Read the full story at The Cut.
As the #MeToo movement began to sweep through Hollywood a year ago, a number of prominent women in Bollywood expressed support but also suggested that the more deeply entrenched patriarchy in the country made it impossible for similar changes in their own film industry. But as the power of #MeToo continues in the U.S. unabated, it appears that India’s film industry may be on the verge of a breaking point after a number of allegations, some as old as a decade, finally resulted in at least some consequences.
Over the past few weeks, Phantom Films Pvt., an Indian production house that produced the Sacred Games series for Netflix, announced that is is dissolving amid allegations that its founder, Vikas Bahl, sexually assaulted a crew member in 2015. Popular comedy troupe All India Bakchod also removed senior leadership partners after they were accused of covering up the actions of an employee who sent women at the company lewd photos, and powerful Hindi actor, Nana Patekar, is reportedly being investigated by police for sexually harassing actress Tanushree Dutta in 2008.
“The whole culture of silence and shame has been existing not just in Bollywood, but in Indian society as a whole,” said Dutta. “I was just speaking the same truths I have been speaking for the last 10 years. Ten years ago there weren’t any takers.”
Patekar has denied the allegations, and has sent Dutta a message from his lawyers demanding that she apologize or face a lawsuit, according to Reuters.
The movement is also slowly spreading beyond just Bollywood. On Wednesday, the first politician to be implicated as a result of India’s #MeToo movement, M J Akbar, India’s junior foreign minister, was accused of inappropriate behavior from his time as an editor — including a first-person account of his alleged sexual harassment of reporter Ghazala Wahab in the 1990s. Nonetheless, some activists are tempering their excitement about recent developments. In April, Radhika Apte, one of the few high-profile Bollywood actresses to come forward about what she described as a casting couch culture in the industry, suggested that #MeToo wouldn’t be able to take off so long as the men in the industry refused to show support and solidarity with the women.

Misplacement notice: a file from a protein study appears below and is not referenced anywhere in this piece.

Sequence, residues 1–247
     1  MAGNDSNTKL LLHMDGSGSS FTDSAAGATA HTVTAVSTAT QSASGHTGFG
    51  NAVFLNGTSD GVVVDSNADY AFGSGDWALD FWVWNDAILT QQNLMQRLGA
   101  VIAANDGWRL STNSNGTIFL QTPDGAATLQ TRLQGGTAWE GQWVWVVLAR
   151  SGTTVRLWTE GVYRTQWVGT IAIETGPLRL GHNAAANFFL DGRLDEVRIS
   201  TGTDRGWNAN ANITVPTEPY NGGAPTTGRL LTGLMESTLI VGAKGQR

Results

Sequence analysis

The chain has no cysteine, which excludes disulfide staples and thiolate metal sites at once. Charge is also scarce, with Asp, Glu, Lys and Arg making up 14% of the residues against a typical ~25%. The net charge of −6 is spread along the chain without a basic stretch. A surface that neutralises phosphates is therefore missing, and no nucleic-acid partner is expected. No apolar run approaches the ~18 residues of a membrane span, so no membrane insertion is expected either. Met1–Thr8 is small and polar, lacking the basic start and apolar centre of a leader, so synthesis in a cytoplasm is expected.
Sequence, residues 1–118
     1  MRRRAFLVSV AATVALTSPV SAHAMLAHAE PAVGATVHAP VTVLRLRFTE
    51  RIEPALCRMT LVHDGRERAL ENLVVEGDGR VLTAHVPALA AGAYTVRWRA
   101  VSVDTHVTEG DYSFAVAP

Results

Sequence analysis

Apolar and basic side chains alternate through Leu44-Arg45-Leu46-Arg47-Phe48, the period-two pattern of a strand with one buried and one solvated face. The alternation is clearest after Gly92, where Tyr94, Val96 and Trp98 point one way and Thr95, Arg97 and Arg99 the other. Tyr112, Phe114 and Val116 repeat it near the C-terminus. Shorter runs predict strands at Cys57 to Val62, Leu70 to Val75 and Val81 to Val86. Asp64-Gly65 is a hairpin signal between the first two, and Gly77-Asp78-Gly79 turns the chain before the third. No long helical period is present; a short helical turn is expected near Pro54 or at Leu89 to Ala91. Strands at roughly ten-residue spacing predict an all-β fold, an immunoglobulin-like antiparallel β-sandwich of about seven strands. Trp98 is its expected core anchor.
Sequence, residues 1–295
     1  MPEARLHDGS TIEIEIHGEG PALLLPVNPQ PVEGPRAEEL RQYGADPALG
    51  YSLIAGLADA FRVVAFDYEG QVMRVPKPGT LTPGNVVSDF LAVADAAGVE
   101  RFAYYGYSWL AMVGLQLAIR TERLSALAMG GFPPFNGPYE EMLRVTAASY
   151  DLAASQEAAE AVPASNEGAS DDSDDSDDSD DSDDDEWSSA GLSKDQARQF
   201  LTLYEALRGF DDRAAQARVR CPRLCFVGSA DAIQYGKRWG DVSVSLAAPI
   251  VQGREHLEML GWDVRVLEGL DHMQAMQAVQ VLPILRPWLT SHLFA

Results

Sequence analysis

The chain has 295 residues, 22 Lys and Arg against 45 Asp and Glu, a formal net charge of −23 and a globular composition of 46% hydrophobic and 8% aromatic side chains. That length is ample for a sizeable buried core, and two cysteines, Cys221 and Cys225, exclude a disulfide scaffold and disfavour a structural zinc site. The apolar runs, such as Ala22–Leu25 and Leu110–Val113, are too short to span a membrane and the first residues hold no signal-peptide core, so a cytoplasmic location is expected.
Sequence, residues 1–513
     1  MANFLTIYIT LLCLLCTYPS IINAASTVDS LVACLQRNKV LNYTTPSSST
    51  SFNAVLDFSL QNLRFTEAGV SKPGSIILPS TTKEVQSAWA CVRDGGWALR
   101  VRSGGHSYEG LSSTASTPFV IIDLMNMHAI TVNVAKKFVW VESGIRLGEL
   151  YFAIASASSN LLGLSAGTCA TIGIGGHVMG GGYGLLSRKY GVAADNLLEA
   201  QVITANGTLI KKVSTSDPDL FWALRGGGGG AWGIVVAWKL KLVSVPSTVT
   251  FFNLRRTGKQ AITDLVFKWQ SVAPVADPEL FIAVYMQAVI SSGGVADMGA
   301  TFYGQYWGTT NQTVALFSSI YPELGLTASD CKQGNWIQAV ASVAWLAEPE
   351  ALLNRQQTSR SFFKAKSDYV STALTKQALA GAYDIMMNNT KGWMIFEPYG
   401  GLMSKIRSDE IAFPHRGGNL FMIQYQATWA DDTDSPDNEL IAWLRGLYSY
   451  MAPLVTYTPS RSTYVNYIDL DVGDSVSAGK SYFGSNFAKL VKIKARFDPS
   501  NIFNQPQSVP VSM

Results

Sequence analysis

“[I loved] the way the women, and the men, of course, came together and decided that as a team we’re not going to let this happen. I wish that could happen here,” said Apte.
Last November, as the #MeToo movement was gaining momentum in the U.S., director Alankrita Shrivastava said that harassment was seen by many as simply the cost of doing business. “The way men are being called out in Hollywood right now, I don’t know if it can happen in India,” she said.
Below, watch Indian journalist and frequent Women in the World contributor Barkha Dutt lead a discussion recorded earlier this week with Tanushree Dutta and journalist Sandhya Menon on India’s #MeToo movement.
Read the full story at Bloomberg.
A Texas woman’s tongue-in-cheek musical response to Donald Trump’s recent claim that it is “a very scary time for young men” has gone viral on social media, as women hailed her stark contrast of the risk of being accused of sexual assault and the possibility of actually being assaulted. Trump, fresh off his mocking Dr. Christine Blasey Ford, one of the women who accused Supreme Court Justice Brett Kavanaugh of sexual assault, had insisted to reporters that the accusations leveled against the justice demonstrated how “scary” it was to be a man. In response, performance artist Lynzy Lab, a dance lecturer at Texas State University, recorded herself singing a self-created tune on a ukulele and shared a link to the video on Twitter, explaining: “It’s a really scary time for dudes right now. So I wrote a song about it.”
“I can’t use public transportation after 7 p.m. I can’t be brutally honest when you slide into my DMs. I can’t go to the club just to dance with my friends and I can’t ever leave my drink unattended,” sings Lab cheerily. “But it sure is a scary time for boys. Yeah, gentlemen! Band together, make some noise. It’s really tough when your reputation’s on the line and any woman you’ve assaulted could turn up anytime!”
The song, which largely centers on the constant precautions that women are told to make against sexual assault — and that are in turn often used against them, both in courts of law and public opinion, as evidence that they ‘invited’ assault — also contains direct allusions to Ford’s claim that Kavanaugh sexualy assaulted her in 1983 with the lyrics: “I can’t speak out against my rapist after 35 years. I can’t be taken seriously if I’m holding back tears.”